Did you know that dry ice is an excellent medium to use in many engineering processes?
We call it “Dry Ice 4 Engineering”
TYPICAL APPLICATIONS OF DRY ICE IN ENGINEERING PROCESSES
Mechanical engineering: Shrink fitting of bearings, shafts etc
Civil Engineering: Pipe freezing for pipe and valve repairs.
De-flash of rubber & plastic parts.
SHRINK FITTING OF BEARINGS:
Dry ice is the solid form of carbon dioxide (CO2) occurring at the temperature of -78.5 °C. Mechanical engineers and artisans commonly use dry ice in a process referred to as shrink fitting (also known as freeze fitting).
Shrink fitting is commonly used in engineering to fit together bearings, collars, shafts and other components which require an interference fit.
PIPE & VALVE REPAIRS:
Dry ice is commonly used in civil engineering for pipe and valve repairs. If a stop valve or isolating valve is not available in a section of the pipe where repairs are needed, or a joint needs to be inserted, dry ice can be used to stop the flow of the water. By using dry ice, it is possible to freeze the water inside the pipe, so the pipe can be cut or repaired without a continual flow of water to hamper the work.
Refrigeration emergencies can be caused by power failures or refrigeration compressor failures. Dry ice is a quick, cost-effective and safe solution to this problem. Dry ice can be placed on top of the frozen product so that, as the dry ice sublimates, the CO2 vapour falls onto the product and keeps it chilled or frozen. This will allow the refrigeration technician sufficient time to complete the repairs efficiently.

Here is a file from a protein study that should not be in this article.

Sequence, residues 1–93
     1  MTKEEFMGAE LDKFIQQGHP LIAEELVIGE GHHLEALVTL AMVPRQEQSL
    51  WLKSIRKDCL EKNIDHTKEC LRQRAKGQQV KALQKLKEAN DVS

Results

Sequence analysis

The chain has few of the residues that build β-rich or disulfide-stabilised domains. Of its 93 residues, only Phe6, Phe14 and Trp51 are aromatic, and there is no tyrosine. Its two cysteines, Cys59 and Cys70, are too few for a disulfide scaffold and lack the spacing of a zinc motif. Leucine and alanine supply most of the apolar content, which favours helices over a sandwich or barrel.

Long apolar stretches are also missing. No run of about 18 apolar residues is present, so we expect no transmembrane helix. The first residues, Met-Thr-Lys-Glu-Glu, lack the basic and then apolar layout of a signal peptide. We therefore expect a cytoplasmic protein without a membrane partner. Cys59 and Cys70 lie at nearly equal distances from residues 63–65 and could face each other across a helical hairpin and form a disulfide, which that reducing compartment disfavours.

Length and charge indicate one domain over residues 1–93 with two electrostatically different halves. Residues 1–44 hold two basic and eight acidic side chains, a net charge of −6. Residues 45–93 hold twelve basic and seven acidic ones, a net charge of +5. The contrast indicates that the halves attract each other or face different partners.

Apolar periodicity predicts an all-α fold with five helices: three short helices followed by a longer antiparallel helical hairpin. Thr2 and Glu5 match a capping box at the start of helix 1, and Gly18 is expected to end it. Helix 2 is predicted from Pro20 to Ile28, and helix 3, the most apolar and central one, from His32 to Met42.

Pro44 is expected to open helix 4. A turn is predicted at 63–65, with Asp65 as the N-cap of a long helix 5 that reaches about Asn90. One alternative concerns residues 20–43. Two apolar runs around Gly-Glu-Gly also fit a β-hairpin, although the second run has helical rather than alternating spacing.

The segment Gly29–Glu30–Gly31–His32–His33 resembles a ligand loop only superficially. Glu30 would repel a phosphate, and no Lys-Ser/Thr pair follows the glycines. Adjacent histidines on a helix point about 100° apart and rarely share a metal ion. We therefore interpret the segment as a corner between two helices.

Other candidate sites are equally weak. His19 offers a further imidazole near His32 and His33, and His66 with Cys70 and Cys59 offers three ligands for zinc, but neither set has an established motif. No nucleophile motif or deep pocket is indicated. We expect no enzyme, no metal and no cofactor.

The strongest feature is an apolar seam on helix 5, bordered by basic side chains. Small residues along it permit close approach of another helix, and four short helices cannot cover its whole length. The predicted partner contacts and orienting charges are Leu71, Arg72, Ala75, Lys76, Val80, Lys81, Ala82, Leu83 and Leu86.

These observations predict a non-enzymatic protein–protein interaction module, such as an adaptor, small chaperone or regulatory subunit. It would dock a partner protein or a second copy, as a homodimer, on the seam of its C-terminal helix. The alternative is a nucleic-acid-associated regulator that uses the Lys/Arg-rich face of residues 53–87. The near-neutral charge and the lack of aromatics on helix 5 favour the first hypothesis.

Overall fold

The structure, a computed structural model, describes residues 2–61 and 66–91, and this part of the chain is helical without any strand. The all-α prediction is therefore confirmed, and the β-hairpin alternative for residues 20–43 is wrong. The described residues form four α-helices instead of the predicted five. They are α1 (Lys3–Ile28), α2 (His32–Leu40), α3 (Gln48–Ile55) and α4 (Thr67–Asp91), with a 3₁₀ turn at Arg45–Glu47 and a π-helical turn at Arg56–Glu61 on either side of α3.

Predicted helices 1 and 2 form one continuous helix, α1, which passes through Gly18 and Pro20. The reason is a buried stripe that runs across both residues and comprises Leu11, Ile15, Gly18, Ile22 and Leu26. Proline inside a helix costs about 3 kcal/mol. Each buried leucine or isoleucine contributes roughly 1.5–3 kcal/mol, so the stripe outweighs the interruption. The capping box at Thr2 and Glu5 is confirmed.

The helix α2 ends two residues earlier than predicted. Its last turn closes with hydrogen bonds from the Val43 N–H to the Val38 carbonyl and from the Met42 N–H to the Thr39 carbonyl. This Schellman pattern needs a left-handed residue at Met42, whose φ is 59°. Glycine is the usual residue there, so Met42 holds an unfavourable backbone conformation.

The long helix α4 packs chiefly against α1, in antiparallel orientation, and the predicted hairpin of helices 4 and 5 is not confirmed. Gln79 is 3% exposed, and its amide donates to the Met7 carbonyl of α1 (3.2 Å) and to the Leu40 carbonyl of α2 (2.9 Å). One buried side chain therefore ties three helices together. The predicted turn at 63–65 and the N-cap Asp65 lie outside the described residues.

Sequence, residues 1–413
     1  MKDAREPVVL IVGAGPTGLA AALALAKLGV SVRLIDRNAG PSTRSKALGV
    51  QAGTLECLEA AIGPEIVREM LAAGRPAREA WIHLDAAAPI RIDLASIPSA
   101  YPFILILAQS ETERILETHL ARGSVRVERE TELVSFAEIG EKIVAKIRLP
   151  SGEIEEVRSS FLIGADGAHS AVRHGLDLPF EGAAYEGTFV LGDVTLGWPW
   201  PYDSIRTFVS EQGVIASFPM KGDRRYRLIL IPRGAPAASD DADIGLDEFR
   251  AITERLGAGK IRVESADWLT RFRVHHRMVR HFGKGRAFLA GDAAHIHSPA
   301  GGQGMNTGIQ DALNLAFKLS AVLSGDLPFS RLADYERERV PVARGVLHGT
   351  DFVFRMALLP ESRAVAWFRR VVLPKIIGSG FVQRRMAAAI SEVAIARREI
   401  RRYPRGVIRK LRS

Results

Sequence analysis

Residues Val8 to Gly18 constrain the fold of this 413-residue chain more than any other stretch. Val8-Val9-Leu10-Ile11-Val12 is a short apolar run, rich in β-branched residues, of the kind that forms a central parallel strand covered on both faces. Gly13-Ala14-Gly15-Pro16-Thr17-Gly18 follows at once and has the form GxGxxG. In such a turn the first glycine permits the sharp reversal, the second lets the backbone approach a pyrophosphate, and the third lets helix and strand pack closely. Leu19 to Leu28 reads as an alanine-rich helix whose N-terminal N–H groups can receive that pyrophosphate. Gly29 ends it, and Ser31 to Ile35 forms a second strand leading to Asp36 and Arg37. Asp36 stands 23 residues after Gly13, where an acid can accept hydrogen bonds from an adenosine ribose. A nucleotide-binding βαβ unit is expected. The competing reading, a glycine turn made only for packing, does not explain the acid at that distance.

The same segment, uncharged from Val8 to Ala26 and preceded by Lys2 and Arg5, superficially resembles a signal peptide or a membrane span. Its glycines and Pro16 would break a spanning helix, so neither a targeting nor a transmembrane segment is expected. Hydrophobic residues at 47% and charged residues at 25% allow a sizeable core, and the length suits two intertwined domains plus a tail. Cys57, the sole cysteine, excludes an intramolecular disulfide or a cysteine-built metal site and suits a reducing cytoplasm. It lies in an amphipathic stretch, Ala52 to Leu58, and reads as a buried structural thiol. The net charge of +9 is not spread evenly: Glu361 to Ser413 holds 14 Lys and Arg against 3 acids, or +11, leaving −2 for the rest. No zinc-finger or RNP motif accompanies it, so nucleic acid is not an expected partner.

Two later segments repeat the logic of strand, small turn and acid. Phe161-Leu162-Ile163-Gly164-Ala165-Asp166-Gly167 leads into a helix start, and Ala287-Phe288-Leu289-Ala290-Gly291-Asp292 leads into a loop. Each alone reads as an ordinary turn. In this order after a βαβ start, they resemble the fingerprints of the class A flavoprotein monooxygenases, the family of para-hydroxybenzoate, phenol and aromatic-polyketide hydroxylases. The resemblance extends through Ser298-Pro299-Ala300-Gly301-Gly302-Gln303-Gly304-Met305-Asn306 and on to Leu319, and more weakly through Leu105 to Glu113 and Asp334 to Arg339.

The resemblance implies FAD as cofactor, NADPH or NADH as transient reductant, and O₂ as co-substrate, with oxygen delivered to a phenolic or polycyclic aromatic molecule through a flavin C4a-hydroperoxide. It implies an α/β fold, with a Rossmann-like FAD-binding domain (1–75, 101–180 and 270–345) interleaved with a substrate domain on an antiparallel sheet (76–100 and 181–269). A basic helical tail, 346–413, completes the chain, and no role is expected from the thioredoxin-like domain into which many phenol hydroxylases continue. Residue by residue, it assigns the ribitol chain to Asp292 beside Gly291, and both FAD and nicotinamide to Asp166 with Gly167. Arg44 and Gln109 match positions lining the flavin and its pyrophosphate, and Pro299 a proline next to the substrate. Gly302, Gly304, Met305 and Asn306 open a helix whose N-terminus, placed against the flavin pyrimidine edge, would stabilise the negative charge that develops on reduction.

DE-FLASH OF RUBBER & PLASTIC PARTS:
When moulded rubber or plastic components are produced, they commonly have thin “flashes” of material or mould marks where the two halves of the mould join. Mould trimming by hand is time consuming. No detrimental effects result from the process and all of the components’ physical attributes are retained once they have returned to ambient temperature.
Cold traps are used in many scientific and manufacturing applications to collect evaporated liquids and prevent them from moving throughout a process. The cold trap provides a very low-temperature surface on which such molecules can condense. Dry ice is used to create the extreme cold required to condense these vapours, capturing them in liquid form and preventing them from contaminating instrumentation and plant, such as vacuum pumps.
In certain process applications, it is useful to be able to quickly cool, chill or freeze materials within a process. Dry ice can be added directly onto the material or it can be mixed into the batch. The temperature of the product is reduced as the dry ice sublimates.
REASONS TO CONSIDER DRY ICE
Ease of use: Dry ice is easy to handle.
Safe: If handled correctly, it is perfectly safe to use.
Powerful: Dry ice is seven times more powerful than water ice. The energy value of dry ice is 570 kJ/kg.
Inexpensive: Dry ice is an affordable way to do shrink fitting of expensive equipment.